On to the ridge south of the Bealach na Croidhich, we began the journey along the breezy ridge, following the rusty remains of the fence which marks the boundary of The Loch Lomond & The Trossachs National Park, which we followed south, over Creag an Tairbh towards the distant summit of Creag Tharsuinn.. To our left, the western flank of Bheinn Mhor, a stones throw away, dominated and the craggy hills of Cowal shortened the horizon.


To our left, the slopes dropped dramatically from the narrow ridge into the Garrachra Glen. To our right, easy angled grassy slopes dropped from our feet and stretched for miles beyond Glendaruel to the distant horizon, with the grey Jura hills barely visible against the grey sky.


The ridge was littered with crags and outcrops, reflecting the hills name, which gave great views and brilliant photo opportunities.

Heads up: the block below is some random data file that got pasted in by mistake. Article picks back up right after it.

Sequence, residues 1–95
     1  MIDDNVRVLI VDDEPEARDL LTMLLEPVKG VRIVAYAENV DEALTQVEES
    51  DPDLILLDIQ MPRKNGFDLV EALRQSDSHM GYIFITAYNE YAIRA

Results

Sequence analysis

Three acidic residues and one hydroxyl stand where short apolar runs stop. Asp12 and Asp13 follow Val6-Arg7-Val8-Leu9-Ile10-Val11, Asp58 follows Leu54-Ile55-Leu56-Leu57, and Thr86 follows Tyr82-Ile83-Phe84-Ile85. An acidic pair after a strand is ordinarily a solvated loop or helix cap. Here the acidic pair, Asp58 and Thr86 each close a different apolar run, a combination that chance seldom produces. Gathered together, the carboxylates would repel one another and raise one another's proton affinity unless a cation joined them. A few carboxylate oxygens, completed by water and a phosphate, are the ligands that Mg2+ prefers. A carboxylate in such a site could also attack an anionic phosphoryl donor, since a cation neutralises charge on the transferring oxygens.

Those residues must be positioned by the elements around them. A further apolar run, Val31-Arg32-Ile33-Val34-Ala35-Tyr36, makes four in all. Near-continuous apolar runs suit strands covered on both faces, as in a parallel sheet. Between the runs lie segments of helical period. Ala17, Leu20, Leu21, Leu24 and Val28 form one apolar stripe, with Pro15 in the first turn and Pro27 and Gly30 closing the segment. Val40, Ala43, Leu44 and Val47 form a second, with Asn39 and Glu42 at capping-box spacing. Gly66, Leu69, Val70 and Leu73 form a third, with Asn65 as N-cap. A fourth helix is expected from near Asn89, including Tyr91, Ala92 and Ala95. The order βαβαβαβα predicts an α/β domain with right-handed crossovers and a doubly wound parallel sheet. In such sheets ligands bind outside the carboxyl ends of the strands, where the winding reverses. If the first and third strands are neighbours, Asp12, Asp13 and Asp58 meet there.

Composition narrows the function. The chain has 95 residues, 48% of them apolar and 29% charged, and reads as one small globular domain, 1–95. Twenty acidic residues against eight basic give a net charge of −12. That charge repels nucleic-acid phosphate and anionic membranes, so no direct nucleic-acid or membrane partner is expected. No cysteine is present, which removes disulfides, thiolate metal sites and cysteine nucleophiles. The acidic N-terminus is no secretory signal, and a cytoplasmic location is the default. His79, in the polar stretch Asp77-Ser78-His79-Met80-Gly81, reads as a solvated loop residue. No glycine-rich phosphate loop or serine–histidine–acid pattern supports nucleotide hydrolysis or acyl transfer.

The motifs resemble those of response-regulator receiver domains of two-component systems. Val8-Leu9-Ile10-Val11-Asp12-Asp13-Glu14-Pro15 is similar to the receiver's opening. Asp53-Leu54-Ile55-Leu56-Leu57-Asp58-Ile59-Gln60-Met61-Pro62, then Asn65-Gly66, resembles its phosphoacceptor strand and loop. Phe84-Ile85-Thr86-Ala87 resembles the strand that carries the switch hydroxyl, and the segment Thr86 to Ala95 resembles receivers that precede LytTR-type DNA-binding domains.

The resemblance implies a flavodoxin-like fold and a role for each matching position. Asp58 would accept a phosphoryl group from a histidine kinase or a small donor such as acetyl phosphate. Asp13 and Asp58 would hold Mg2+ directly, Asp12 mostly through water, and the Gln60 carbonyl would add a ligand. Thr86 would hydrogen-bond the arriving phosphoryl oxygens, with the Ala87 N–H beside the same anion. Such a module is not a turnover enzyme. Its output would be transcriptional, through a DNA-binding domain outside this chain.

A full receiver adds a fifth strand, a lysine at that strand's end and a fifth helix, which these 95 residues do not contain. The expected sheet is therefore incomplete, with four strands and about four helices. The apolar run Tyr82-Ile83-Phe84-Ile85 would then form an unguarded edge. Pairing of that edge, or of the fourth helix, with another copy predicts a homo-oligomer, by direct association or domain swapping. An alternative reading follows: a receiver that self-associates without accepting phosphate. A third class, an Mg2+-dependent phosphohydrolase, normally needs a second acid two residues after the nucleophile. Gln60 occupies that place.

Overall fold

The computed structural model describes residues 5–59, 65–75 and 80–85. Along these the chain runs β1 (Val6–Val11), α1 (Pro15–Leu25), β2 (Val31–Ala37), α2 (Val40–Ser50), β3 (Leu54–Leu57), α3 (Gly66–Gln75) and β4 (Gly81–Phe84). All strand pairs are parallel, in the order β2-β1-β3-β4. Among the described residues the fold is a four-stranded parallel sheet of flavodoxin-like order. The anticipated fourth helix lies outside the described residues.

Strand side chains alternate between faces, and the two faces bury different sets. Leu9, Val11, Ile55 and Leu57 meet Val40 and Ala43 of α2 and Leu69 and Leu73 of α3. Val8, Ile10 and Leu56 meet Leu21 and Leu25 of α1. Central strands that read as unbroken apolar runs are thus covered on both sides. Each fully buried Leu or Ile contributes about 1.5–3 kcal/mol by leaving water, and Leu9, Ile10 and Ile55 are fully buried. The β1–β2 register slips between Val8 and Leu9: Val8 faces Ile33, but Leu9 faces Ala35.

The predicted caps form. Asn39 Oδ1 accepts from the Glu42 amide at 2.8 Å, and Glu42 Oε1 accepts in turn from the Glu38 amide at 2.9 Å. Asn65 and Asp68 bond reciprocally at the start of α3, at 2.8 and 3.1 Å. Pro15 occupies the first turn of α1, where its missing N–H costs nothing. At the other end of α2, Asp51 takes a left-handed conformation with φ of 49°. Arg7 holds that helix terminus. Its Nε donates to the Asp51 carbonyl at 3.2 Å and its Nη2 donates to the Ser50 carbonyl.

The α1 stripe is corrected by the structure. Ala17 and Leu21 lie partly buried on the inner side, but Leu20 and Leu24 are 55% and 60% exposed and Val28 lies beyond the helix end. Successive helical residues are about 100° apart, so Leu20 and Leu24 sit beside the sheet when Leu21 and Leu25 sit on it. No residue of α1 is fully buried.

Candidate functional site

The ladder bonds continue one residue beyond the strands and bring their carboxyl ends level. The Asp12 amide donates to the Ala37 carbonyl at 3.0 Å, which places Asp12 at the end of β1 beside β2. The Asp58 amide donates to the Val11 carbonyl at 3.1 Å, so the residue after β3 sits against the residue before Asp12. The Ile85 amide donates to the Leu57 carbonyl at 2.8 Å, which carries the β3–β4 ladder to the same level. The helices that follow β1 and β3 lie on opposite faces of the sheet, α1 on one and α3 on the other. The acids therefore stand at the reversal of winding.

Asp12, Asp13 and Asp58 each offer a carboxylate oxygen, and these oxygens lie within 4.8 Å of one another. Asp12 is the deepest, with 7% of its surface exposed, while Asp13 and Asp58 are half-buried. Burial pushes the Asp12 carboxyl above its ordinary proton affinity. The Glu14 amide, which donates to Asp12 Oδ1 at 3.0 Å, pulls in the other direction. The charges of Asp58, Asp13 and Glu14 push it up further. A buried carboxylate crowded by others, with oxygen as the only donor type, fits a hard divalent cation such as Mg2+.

Ironically, there was no cairn marking the summit, but we were sure our summit photo was on the true summit, although it would be difficult, I imagine, to pinpoint the top in cloud. To be absolutely sure, we walked south from the summit to the point marked 641 on the map. We were glad we had walked the extra short distance as it provided a great view south along the ridge to the sub 2 Scorach Mor, the distinctive volcanic plug, and beyond to the slate grey waters of the Clyde and the dark hills of Arran. As a bonus, we found a crag, which provided shelter from the squally western wind which chilled the summit. Sitting, sheltered from the wind, looking down to Glen Masson, we enjoyed a well deserved rest and hot coffee. While we dined, a heavy shower blasted across the summit and we had to don full waterproofs for the journey off the hill. Thankfully, the shower was short lived and we enjoyed most of the descent in glorious sunshine.